Franchise resales: a failure or a measure of success?

Rik Hellewell

Rik Hellewell

For far too long, there has been an untruth in franchising when the time comes for a franchisee to sell his business and go on to pastures new. By Rik Hellewell, founder of Ovenu.

It is insulting, quite frankly, to suggest that a resale should be deemed a failure. This is simply not the case and could not be further from the truth.

Taking the plunge and going out on your own, even with a strong support network from your franchise, not to mention the backing of family and friends, can be a daunting prospect, but an equally exciting challenge.

So to say that after taking a risk, investing hard-earned cash to manage and own a business to then sell it on is a sign of failure, is just plain wrong.

Besides, there are plenty of reasons as to why people choose to sell their franchise, including retirement, relocation (either in the UK or abroad) or simply to pursue other interests, none of which come even close to being classed as failures.

A well-planned and prepared exit strategy, together with a healthy set of financial results and customer base, is always going to be an attractive proposition for any prospective buyer. So, in actual fact, a franchise resale is actually a measure of the success of the previous owner.

Resale opportunities provide a potential buyer with the chance to take over an existing and established brand, in an area with a solid customer base and guaranteed income from day one, as well as ongoing support from the franchisor. So, unlike starting out in business from scratch, you are actually already one step ahead of the game.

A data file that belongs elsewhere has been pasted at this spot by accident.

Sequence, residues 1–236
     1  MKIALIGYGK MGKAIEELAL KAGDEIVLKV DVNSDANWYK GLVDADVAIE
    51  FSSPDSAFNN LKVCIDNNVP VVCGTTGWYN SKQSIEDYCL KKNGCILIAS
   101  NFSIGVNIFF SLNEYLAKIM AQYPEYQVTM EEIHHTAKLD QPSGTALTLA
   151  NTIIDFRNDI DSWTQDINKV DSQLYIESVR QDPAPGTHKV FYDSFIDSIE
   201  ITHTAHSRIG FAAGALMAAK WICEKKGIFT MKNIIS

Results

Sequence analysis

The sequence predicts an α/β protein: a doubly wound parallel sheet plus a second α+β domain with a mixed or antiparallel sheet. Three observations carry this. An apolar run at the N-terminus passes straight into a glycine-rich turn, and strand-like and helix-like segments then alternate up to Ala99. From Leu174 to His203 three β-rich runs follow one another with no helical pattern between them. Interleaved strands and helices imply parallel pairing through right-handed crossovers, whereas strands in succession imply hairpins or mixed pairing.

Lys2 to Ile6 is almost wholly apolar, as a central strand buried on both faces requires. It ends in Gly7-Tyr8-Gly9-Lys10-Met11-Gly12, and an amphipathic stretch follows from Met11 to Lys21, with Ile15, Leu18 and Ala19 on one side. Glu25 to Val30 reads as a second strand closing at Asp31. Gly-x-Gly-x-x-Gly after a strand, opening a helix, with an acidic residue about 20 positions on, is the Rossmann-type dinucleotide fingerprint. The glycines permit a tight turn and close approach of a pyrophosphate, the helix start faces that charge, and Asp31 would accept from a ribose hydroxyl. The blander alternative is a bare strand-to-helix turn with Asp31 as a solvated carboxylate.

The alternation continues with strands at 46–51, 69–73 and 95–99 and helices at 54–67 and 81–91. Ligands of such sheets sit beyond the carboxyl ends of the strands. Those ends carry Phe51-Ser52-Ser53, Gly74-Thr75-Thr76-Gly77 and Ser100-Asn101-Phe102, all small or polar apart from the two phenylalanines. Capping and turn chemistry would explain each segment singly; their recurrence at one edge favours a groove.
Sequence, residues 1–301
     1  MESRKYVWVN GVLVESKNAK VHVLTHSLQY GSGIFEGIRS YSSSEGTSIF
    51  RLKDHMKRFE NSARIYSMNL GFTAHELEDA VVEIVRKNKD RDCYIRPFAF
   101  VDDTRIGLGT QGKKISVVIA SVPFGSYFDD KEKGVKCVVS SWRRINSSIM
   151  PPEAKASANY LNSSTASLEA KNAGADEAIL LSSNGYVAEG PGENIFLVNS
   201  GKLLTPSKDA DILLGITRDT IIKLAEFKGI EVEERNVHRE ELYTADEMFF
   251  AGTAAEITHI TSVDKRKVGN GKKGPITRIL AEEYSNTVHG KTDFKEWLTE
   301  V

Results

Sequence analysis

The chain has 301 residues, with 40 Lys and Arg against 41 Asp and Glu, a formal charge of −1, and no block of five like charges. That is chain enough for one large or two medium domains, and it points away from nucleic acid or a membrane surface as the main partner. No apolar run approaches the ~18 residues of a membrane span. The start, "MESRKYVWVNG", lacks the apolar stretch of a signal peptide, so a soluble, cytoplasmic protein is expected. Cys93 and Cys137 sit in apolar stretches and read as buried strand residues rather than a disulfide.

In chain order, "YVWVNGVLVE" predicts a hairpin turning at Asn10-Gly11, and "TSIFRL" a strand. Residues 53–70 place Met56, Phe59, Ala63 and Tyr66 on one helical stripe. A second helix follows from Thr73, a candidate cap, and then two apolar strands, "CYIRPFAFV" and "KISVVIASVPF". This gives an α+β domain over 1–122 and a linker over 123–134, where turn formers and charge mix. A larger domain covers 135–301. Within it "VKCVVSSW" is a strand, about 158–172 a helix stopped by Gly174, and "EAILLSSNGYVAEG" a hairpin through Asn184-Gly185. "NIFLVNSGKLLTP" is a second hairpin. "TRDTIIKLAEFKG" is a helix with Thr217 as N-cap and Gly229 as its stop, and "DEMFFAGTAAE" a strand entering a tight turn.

In most cases at Ovenu, a network of over 100 oven cleaning businesses across the UK, retirement is the reason for a franchise resale. Some even relocate to other areas of the UK to take up another Ovenu franchise or one of its opportunities abroad.

The standard package at Ovenu contains approximately 60,000 applicable homes. Franchisees receive full training prior to any business launch, professional uniformed workwear, a liveried vehicle and ongoing support throughout the life of the franchise, along with its trade name and trademark rights.

So, with tens of thousands of potential customers, many of whom are already accustomed to the service they received from the previous franchisee, can provide an exciting business prospect.

Growth and expansion
There is always the opportunity to  target a new marketplace and increase the order book, so growth and expansion plans are readily available once the franchisee has settled into his new surroundings and is familiarised with the market.

Of course, such a success does not happen overnight. It takes months and years to achieve with plenty of hard work and a real hunger to grow a business and see it prosper. A thorough and well-planned marketing strategy, customer relations and providing a first class service, which people will remember, are critical to the success of a franchisee.

However, not everyone has the business acumen to take on and manage a franchise and make it successful. As the old saying goes: ‘You can lead a horse to water, but you can’t make it drink’. Even with support from the outside, some people can struggle to adapt and make it work.

It is certainly not a true representation of the industry and to tar all franchise sales with the same brush, as failures, is unacceptable. This myth needs dispelling. The hard work of a franchisee that has built his business up, so that a buyer is in a position of strength from the outset, needs to be recognised.

About the author
Rik Hellewell is the founder of Ovenu, the UK’s largest oven cleaning franchise network. The Ovenu system also operates in North America and Australasia, with almost 300 outlets worldwide.